I’ve come to expect a lot from Pixar, and more often than not, they haven’t let me down. But when it came to Coco, Pixar’s film focused on a Mexican family around the day of dead, I went into the theater last Friday, the day after its release, with extremely tempered expectations.
My parents are both immigrants from Mexico, and while we don’t celebrate La Dia de los Muertos, our culture and language is extremely important to us. Ratatouille shed a spotlight on the French, we encounter some Australians in Finding Nemo, Brave is set in Scotland, and there’s a couple Italian and British characters in Cars, but Coco is the first deep and dedicated foray into a non-white culture by the SF Bay Area based animation studio.
To put it lightly, I was terrified that my childhood self was going to wither into oblivion, much like the forgotten souls of the Land of the Dead in the film, because of a distasteful illustration of the culture I hold so dear.
Much to my relief upon walking out of the dark theater in profuse tears, Coco far surpassed my expectations and then some. (I’ll admit it was shaky during that unbearable Frozen short that preceded this beautiful film, but we persisted. I don’t even want to talk about it.)
Coco clearly illustrated the same dedication to accuracy through experiential research present in many of Pixar’s past features. From the use of vibrantly colored papel picado as the backdrop for a brief family history of Miguel’s deeply (and accurately) matriarchal family to the humorous cultural nods to la chancla and the unspoken rule to always accept second (and third) helpings to the film’s overarching focus on the value of family, this film was truly a love letter to the people of Mexico and the many, many Mexican families here in the states.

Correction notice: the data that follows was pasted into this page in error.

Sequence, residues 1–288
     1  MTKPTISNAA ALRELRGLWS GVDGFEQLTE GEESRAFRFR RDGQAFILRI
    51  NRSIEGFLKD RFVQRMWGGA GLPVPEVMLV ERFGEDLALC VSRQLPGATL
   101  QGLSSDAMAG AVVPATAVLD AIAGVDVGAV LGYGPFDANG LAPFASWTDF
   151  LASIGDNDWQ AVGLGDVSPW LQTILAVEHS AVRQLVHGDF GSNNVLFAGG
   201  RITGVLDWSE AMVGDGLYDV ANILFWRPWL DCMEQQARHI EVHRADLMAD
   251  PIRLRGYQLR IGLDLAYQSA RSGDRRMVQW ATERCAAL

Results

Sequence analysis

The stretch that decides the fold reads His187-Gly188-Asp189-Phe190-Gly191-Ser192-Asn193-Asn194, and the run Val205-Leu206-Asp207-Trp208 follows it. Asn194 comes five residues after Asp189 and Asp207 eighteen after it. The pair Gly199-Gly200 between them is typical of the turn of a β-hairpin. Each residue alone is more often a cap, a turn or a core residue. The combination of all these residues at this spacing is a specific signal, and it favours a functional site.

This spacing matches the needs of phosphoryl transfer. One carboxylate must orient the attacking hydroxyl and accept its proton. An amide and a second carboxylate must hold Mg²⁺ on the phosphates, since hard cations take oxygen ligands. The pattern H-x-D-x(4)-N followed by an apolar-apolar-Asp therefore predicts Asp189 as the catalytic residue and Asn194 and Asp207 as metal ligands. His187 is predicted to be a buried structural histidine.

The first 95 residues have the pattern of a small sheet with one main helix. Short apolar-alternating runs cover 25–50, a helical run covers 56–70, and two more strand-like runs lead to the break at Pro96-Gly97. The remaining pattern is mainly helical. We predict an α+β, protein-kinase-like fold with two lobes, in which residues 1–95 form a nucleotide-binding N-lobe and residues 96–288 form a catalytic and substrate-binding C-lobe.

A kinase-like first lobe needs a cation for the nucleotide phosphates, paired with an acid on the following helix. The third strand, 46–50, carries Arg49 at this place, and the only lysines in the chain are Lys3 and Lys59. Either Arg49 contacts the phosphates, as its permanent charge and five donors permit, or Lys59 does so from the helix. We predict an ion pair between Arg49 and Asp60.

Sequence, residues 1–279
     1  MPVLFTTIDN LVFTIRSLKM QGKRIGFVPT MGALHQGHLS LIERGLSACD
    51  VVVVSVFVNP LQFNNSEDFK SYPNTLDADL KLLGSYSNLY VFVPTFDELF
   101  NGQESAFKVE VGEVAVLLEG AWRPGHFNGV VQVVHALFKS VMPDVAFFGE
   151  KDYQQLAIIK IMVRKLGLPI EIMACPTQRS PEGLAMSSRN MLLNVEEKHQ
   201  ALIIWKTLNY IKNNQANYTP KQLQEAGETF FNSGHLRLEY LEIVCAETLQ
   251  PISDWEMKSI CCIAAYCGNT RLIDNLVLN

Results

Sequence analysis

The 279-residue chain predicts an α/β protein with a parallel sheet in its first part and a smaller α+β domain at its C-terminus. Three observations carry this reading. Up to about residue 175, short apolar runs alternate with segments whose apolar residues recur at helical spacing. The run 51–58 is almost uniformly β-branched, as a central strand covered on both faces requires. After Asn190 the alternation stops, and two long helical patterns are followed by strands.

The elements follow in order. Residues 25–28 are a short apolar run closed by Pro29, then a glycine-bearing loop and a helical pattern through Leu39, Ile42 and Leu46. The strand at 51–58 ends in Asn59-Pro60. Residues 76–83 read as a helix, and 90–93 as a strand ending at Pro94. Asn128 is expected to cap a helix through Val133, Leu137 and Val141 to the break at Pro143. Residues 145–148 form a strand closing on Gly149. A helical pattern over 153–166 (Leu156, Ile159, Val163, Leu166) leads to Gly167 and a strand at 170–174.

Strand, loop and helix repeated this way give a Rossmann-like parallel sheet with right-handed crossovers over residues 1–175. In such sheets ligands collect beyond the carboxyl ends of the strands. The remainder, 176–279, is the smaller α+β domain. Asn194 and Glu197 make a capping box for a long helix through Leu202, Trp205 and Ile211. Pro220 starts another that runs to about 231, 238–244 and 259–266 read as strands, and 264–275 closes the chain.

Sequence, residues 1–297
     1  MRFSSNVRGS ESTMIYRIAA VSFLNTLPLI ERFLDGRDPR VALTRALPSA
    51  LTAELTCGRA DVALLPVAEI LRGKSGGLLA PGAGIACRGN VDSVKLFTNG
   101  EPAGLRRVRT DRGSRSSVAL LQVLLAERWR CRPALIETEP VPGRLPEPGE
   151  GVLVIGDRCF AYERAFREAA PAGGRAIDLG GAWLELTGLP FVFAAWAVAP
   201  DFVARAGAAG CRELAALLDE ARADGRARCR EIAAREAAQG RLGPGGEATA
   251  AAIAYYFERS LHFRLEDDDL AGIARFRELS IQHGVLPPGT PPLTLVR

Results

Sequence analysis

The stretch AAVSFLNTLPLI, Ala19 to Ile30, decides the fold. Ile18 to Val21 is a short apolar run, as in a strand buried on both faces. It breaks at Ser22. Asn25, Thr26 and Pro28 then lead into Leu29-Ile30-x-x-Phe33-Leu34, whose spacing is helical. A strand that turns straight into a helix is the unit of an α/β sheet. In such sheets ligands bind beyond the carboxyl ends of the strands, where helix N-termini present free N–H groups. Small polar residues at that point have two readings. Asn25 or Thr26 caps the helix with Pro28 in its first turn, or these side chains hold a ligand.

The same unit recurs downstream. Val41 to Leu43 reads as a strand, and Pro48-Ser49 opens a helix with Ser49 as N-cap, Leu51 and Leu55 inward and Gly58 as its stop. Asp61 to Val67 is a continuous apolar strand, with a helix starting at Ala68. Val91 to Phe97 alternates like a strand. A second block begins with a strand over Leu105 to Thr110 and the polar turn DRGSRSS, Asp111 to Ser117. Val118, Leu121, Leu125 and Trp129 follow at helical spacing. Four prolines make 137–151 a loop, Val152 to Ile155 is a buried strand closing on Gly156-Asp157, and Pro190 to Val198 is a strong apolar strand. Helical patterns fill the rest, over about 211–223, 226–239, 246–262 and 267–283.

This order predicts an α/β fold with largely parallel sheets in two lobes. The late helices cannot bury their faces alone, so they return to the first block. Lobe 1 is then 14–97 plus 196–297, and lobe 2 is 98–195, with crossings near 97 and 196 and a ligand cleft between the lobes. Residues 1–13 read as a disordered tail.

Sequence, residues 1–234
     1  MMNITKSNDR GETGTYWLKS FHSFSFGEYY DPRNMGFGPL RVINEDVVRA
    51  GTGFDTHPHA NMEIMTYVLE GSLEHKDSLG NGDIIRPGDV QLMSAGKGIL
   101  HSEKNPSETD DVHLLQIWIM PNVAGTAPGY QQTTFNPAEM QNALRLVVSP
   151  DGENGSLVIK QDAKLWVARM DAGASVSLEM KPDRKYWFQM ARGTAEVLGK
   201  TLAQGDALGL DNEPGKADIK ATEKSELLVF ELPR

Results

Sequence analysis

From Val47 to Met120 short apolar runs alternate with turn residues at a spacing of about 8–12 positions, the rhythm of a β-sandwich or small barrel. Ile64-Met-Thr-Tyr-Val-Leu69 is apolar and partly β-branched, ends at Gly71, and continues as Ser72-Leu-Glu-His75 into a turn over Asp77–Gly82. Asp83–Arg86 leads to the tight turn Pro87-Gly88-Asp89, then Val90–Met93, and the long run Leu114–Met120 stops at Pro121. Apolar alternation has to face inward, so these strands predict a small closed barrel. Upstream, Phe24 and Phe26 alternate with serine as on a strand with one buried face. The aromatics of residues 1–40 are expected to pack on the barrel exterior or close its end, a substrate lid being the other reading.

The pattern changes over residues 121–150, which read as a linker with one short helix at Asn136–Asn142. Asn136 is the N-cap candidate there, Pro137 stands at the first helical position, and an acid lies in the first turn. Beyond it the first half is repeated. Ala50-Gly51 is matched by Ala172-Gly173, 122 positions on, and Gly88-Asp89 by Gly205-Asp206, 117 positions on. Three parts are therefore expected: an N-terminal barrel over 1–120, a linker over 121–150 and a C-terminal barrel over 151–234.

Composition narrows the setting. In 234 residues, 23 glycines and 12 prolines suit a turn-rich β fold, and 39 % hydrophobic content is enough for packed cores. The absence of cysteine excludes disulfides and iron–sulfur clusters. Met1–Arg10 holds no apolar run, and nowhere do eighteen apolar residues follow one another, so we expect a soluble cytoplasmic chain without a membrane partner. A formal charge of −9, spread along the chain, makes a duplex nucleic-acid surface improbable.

The film’s heart is the value of the love of family and the memory of our ancestors, and it was perfectly set on its opening day against the spirit of Thanksgiving. To avoid a few major cultural affronts, it’s clear that the studio positioned this release deliberately and strategically.
First, the studio released the film in Mexico for a full month prior to its release worldwide, cementing the country’s ownership of the film’s themes and overall sentiment. This move proved to be extremely successful as it has already become the highest grossing film of all time in Mexico.
The initial release in Mexico centered around Dia de los Muertos, the Mexican holiday featured in the movie. This fact is by far the most impactful part of the move to release during that time only in Mexico. The decision effectively barred the rest of the world and offered the Mexican people a private moment with this film and holiday which is so often misconstrued as a parallel to Halloween.
Positioning the holiday as portrayed in the film against Thanksgiving was perhaps the best way for the studio to convey its true meaning in the Mexican consciousness to American audiences. Much like Thanksgiving, Dia de los Muertos is a day that emphasizes family in celebrating and being thankful for the memory of loved ones on the one night they are able to cross back over to the living world.